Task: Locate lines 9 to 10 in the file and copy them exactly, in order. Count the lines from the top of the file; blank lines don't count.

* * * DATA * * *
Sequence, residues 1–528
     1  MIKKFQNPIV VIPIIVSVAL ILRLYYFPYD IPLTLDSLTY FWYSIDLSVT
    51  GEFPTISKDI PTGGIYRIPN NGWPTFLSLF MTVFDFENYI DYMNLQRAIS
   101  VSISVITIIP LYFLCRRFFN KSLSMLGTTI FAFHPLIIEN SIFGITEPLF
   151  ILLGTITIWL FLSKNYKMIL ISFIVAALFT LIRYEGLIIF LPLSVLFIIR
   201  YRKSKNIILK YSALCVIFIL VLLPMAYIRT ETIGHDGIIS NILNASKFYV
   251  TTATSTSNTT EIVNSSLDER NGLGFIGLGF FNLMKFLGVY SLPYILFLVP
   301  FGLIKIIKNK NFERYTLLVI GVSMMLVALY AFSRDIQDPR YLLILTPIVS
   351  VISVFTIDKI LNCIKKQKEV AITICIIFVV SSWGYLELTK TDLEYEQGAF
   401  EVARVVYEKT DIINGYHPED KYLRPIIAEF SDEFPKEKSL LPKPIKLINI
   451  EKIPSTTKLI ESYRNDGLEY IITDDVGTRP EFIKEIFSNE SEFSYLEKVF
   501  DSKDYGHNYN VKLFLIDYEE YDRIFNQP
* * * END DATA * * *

   351  VISVFTIDKI LNCIKKQKEV AITICIIFVV SSWGYLELTK TDLEYEQGAF
   401  EVARVVYEKT DIINGYHPED KYLRPIIAEF SDEFPKEKSL LPKPIKLINI